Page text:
For the first time, I was proud of myself and something I'd done although I knew I was supposed to be humble. Pride before the fall had been drummed into me enough.

    But what the teacher didn't like was that the marker gave my 'cowboy and Indian' story (attack of the wagon train) a 17/20 and the next highest marks were 15/20 for a couple contemporary romances. It was an all-girl class and that confirmed I was weird. LOL

  9. Actually, I think "shill" is a really old term, but yeah, it's the same as a plant, somebody who pretends to be just part of the audience but is really "working" for the presenter(s). It really does help get the ball rolling when the regular folks aren't sure what to say or don't want to go first.

    I think I hated having that scene read aloud because (a) I wasn't expecting it, (b) it was too long, and (c) at that point in my writing, I never let ANYONE read what I wrote. It felt like somebody grabbed me and stripped me naked and made me stand there while they all stared.

    Yeah, that's pretty extreme, but it took me a long, LONG while to get my mind around the idea that I was actually a writer, that people would read what I wrote and that they would have opinions about it.

    I'm better now. ;)

  10. What a wonderful experience! You'll have many more readings, I'm sure, Anita Mae!

    I used to do poetry readings. Haven't read any of my fiction. It sounds intimidating but I'm glad I can ask you for pointers!

    PS Please tell your photographer that he did a great job on the photos. :)

  11. Come to think of it, DeAnna, I'm sure I've heard of the term 'shill' when I was researching carnies. I'll have to remember it this time.

    Your explanation is totally plausible to me because that's the kind of character Gwen Stewart wrote in one of her novels except the heroine wasn't a writer but a songwriter. I think you'd really appreciate her book - when it gets published.

  12. Thank you, Susie. I sure hope to have more. :)

    It sounds intimidating, but being in a group helps. So does reading your fiction in a podcast. (blink, blink)

    And yes, I'll tell JJ you said he did well. You guys must think he's chained to my hip, huh? LOL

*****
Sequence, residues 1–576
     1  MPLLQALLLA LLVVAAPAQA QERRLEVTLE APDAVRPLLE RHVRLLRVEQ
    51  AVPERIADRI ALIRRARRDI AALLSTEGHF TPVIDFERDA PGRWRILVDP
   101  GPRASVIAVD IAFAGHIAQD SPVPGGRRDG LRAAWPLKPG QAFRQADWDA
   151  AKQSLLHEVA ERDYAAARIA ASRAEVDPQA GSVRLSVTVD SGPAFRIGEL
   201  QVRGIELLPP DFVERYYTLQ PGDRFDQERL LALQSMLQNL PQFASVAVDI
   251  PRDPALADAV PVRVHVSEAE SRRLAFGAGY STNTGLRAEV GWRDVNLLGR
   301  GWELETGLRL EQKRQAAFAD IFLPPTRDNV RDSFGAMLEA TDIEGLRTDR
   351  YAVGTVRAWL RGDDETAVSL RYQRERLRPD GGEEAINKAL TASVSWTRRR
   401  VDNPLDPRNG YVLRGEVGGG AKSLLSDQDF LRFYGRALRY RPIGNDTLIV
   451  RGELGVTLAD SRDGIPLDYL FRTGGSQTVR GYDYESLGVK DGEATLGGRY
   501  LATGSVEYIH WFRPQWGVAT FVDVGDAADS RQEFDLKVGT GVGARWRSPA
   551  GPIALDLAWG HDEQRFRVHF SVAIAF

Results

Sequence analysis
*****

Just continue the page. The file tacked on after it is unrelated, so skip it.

13. Thanks, Anita. I'll have to check that out. :)

  14. Hi Anita,
    Being part of a group read is a great idea! There's definitely safety in numbers. I've never done a reading, but maybe if you guys decide to do another one, I'll come to Regina and join you. But hopefully not in February!


  15. Hey Jana! How's things in Winnipeg? Poplar's are turning yellow here already.

    I'd love to hear you read - especially if it's one of your books. Now that Karyn has joined you at TWRP I'm starting to feel left out.

    So, you'll drive out if we have a reading? Do you hear that Karyn? Quick, where's Annette? We'll plan one before the snow flies. Oh wait, that could be tomorrow. LOL

    Great to see you, Jana. Thanks for dropping by.


  16. Thanks Anita. I did a reading at the Francis Morrison Library in Saskatoon with courage from two members of my writers critique group. It was a challenge we posted to do it. The crowd was small - a dozen or a few more, mostly friends, supporters of the writers. I enjoyed the experience. After reading, I had one older gentleman approach me and tell me that my piece made him teary eyed and he wanted to talk about his personal life and hurts with me. I graciously and humbly listened and tried to offer some support. This is every writers dream, to inspire something in our listeners and it was a powerful and humbling experience.

  17. Hey Anita! Sorry it took me so long to get here. It's been a long crazy day. Cool idea! I've never read publicly - except to little kids, nor have I ever attended a reading. It sounds like fun.

  18. Hey Carrie Ann, I can believe it just from what I've heard you read at the SRW mtgs. Your voice has a natural humble quality to begin with. You also use inflection to advantage. When you read, it's like you're talking on a one-on-one basis with your audience. I think your eye contact has a lot to do with it because you pause and really look at people. I realized you are a people-person early on and when you speak with your soft voice, people stop what they're doing and give you their full attention so they don't miss anything.

    That's probably what that man felt when he was listening to you, and there were probably many more in the room who didn't step forward who felt the same.

    You have a gift, Carrie Ann. And the neat thing is, I don't have to attend a reading to listen to you, I can do it at the meetings. However please let me know when you do another public reading and we'll see if the weather co-operates. :D

    I appreciate you sharing with us. Thank you.


  19. Hey Suzie, you may not have read stories publicly, but don't you read reports and such in your job?

    I can picture you reading, but it's like a still photo because I haven't met you yet.

    Hey wait - I have an idea... when we go by train to RWA Anaheim next year, we can do a reading on the train for all those bored passengers. That's a writer's dream isn't it... a captive audience? LOL